Whatever the style, the aging is meant to support the wine and give it extra dimension, and not just act as a flavouring agent. It’s an approach aimed at making food-friendly wines that, while generous, won’t overwhelm a meal.

Age and origin

Even though Rioja values its long and careful traditions, developments in winegrowing and winemaking are reflected in local rules and classifications, which were updated in 2019 to showcase aging methods, as well as geographical origin and terroir.

While the Cosecha category of the Rioja appellation gives winemakers the possibility of releasing young wines or try their hand at more distinctive cuvées by providing a basic guarantee of vintage and origin, very specific rules apply to aged wines. First, Crianza wines are released after a minimum of two full years in the cellar, including at least twelve months in barrel for reds and six months for whites. Reservas are selected wines that undergo stricter and longer aging: the reds must be at least three years old, with a minimum of one year in barrel and six months in bottle before release, while whites must be over two years old with at least six months in barrel. Many wines in this category are aged significantly longer than this, as is the case with Gran Reserva wines. This highest category requires a minimum of five years of aging for reds, with at least two years in barrel and two years in bottle, and four years for whites, with at least six months in barrel. Gran Reservas are commonly released after seven, eight, or even 10 years.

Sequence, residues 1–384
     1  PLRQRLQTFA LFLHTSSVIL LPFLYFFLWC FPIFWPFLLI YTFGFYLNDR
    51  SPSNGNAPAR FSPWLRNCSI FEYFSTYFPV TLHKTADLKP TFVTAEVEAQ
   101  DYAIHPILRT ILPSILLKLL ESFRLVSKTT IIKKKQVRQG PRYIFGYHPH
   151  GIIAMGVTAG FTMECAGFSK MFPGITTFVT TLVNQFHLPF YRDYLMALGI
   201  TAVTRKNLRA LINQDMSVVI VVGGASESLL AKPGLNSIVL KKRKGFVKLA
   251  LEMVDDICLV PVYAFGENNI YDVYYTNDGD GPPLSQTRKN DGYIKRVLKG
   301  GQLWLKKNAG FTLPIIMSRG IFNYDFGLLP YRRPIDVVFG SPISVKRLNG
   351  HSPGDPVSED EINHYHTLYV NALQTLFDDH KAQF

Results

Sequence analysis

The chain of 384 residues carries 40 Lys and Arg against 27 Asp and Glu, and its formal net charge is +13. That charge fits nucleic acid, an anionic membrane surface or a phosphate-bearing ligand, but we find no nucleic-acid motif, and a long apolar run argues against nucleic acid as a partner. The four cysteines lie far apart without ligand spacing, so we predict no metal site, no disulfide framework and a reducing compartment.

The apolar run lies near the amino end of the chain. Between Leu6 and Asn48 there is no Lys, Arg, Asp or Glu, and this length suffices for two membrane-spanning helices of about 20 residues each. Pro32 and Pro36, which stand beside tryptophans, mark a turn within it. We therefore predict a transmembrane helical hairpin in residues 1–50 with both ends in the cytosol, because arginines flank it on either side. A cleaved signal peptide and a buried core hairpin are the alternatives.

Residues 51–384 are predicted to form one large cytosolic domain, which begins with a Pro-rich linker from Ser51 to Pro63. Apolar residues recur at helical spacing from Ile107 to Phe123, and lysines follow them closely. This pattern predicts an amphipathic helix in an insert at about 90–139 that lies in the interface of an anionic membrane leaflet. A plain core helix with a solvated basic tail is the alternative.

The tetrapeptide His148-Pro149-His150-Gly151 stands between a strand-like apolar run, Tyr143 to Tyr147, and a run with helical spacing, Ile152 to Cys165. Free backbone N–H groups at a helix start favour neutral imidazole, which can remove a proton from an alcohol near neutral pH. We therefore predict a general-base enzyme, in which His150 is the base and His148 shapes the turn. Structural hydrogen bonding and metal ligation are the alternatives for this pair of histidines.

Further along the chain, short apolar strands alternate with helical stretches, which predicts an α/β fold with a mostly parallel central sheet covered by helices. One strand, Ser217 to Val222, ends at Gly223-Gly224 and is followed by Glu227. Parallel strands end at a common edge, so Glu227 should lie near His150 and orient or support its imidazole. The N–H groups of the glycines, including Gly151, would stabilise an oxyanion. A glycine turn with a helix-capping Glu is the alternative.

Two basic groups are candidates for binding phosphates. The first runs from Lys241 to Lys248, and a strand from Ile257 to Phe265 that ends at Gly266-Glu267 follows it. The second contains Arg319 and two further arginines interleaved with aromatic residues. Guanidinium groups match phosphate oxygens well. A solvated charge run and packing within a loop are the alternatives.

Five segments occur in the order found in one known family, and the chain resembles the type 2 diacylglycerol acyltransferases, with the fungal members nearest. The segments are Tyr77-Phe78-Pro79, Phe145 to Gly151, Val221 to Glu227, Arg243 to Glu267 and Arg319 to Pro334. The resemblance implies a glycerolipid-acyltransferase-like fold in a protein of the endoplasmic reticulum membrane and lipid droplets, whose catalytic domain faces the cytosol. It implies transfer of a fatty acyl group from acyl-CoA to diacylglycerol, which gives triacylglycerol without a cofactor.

Newer categories also point to a specific region, commune, or vineyard. Viños de Zona specify which of the three zones of Rioja the wines come from: Rioja Alavesa, Rioja Alta, and Rioja Oriental (previously Rioja Baja). Viños de Municipio come from a single village, a little like the village appellations of Burgundy. At the top of this classification are Viñedo Singular, which come from a single designated parcel of older vines, with a demonstrated continuity in the production of single-vineyard wines. There is also a standard of high quality attached to the designation, since Viñedo Singular wines must be given an “excellent” rating not once but twice before they are released onto the market. Along with the science of aging, Rioja producers are paying greater and greater attention to the subtleties and character of their terroir.

With the generous foods of fall and winter, particularly during holiday celebrations, Rioja Reserva wines offer a great balance in pairing. They show enough presence and power to match meat pies and fruity ketchups and sauces, turkey and cranberries, and game meats, while keeping a finesse that leaves room for lighter fare like winter salads, bean dishes, or ham and charcuterie. Whites have zing along with depth, and the bright fruit of Tempranillo, Garnacha, Graciano, and other red varieties is tempered by the fine tannins and aging aromas brought on by the time spent in barrel.

There’s certainly something to be said for those qualities that a wine can only get from a bit of patience and care. In a time where unexpected upheavals can shake up our habits and where our moments of celebration are all the more precious, it makes sense to open and share with a sense of tradition and permanence. A way to remind ourselves that good things stand the test of time.

To discover